There’s a vivid term mental health experts use to describe the destruction of the love of life in another human being, especially in a child: It's called “soul murder.” It can happen as a result of physical abuse, they say, but just as easily, as a result of psychological violence, including when children are separated from their parents.
“Two of the most damaging childhood adversities are loss of the attachment bond with the parents and childhood physical and sexual abuse,” University of Texas psychiatry professor Luis Zayas told ABC News. “If you want to damage someone permanently, expose him or her to one or both of these traumas.”
Speaking to the National Sheriffs' Association Monday, Homeland Security Secretary Kirstjen Nielsen said that "it is important to note that these minors are very well taken care of — don’t believe the press. They are very well taken care of.”
Maybe so, but for children and adolescents forced separation is still psychological damaging, whatever the physical circumstances of the facility where they are housed.
“No amount of colorful rooms with lots of great toys, regular meals, and health and education services takes away the psychological impact of losing your parents,” said Zayas, the dean of UT Austin’s School of Social Work. “The damage that will be done will last a lifetime.”
After visiting a shelter in Texas, the president of the American Academy of Pediatrics, Dr. Colleen Kraft, in a television interview, likened what she saw to abuse.
"It is a form of child abuse," Kraft told CBS News. "This type of trauma can be long-lasting, and it's difficult to recover from this. We know very young children go on to not develop their speech, not develop their language, not develop their gross and fine motor skills and wind up with developmental delays."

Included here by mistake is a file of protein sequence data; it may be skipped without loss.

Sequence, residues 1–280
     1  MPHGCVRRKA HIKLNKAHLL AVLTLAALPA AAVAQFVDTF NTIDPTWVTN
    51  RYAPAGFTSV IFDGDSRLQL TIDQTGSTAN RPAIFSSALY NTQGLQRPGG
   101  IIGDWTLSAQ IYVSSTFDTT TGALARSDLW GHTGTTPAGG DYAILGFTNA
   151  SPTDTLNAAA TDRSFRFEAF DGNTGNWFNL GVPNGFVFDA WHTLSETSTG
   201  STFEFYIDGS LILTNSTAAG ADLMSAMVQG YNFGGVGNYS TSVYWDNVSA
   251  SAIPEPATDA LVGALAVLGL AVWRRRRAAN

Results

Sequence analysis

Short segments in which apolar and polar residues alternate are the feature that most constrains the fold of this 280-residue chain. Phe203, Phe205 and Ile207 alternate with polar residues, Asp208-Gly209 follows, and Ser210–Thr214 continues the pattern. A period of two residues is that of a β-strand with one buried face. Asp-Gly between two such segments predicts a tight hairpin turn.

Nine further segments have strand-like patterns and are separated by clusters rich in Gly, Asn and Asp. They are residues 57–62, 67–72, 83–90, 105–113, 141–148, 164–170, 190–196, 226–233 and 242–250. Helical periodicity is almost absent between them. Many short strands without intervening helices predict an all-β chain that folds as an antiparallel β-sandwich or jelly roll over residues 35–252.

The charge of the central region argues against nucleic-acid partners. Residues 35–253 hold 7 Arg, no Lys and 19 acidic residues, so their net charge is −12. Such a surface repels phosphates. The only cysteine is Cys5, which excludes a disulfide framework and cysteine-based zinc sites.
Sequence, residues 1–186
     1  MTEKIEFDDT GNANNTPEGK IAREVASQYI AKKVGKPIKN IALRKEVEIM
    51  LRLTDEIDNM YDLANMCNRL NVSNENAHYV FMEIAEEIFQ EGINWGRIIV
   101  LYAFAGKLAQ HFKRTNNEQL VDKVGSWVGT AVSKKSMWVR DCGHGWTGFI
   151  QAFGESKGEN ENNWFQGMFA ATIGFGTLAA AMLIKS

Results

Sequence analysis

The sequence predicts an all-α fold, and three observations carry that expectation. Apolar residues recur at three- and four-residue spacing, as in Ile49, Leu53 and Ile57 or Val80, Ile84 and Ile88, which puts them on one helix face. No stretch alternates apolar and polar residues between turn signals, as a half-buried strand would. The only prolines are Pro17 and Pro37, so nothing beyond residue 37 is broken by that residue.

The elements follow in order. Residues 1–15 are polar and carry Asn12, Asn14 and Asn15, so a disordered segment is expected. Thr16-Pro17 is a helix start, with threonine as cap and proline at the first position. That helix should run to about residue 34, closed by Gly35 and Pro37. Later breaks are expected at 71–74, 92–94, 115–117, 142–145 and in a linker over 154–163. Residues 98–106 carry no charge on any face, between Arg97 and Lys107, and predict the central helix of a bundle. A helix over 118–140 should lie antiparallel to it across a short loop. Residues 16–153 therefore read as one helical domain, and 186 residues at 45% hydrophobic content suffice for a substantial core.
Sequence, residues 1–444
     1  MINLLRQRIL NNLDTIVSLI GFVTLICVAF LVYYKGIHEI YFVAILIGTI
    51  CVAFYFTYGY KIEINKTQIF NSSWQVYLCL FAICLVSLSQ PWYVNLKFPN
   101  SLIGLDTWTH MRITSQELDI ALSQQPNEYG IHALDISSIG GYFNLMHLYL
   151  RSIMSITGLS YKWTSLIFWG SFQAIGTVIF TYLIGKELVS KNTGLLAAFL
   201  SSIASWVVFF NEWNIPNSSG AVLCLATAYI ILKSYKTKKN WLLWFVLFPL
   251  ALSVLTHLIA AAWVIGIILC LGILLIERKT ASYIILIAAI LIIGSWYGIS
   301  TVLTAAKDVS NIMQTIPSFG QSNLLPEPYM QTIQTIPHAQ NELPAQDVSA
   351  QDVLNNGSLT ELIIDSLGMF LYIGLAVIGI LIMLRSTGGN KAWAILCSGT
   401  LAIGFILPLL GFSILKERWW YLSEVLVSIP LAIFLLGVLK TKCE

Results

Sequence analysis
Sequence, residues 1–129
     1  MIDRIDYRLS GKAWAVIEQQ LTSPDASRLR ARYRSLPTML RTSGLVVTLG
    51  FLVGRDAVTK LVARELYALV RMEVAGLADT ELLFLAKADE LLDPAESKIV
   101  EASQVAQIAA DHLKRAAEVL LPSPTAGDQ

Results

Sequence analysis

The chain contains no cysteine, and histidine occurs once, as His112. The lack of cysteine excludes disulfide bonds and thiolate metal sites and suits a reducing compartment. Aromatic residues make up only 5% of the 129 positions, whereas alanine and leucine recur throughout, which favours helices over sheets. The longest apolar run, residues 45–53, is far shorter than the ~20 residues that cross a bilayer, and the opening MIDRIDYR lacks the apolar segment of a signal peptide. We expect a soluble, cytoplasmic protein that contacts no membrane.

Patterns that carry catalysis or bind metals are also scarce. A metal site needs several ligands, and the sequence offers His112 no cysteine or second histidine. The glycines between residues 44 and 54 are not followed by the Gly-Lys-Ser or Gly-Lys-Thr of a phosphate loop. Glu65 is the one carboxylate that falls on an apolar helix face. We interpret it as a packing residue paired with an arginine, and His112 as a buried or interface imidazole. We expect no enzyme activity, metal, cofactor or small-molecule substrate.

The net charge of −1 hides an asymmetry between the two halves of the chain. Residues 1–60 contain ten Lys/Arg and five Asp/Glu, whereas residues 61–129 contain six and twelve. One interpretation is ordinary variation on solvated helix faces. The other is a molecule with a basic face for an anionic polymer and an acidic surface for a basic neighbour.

The Trump administration claims that the repurposed box stores and makeshift facilities now holding the migrant children separated from their parents are air-conditioned, with lessons and sports to divert the mind and body, safe beds to sleep in, and regular meals. Even if that’s true, experts say, to the children confined inside, it can feel like prison.
“Detention of any kind—especially when separated from primary caretakers—will exacerbate symptoms, increasing the severity of trauma-related symptoms, depression, and anxiety,” says Jodi Berger Cardoso of the University of Houston. “Children become hopeless and shut down from the stress. During this time, they need their primary caretaker to help reassure them that they are safe and loved. This cannot be done by strangers, no matter the quality of the facility.”
There’s a reason social workers are loathed to take children away from their parents unless it really is a matter of life and death: Study after study has found that children who are removed do no better than those who are left at home, even in terrible circumstances. One explanation is that any positive benefits of removal are outweighed by the serious trauma caused by separation.